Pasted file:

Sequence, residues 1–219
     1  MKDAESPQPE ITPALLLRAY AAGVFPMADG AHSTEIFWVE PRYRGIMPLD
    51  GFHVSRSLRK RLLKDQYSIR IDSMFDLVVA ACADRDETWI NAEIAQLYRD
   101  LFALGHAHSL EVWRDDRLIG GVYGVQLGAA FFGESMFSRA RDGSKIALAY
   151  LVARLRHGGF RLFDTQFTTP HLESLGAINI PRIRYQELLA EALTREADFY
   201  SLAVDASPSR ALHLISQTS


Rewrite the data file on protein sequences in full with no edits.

Sequence, residues 1–219
     1  MKDAESPQPE ITPALLLRAY AAGVFPMADG AHSTEIFWVE PRYRGIMPLD
    51  GFHVSRSLRK RLLKDQYSIR IDSMFDLVVA ACADRDETWI NAEIAQLYRD
   101  LFALGHAHSL EVWRDDRLIG GVYGVQLGAA FFGESMFSRA RDGSKIALAY
   151  LVARLRHGGF RLFDTQFTTP HLESLGAINI PRIRYQELLA EALTREADFY
   201  SLAVDASPSR ALHLISQTS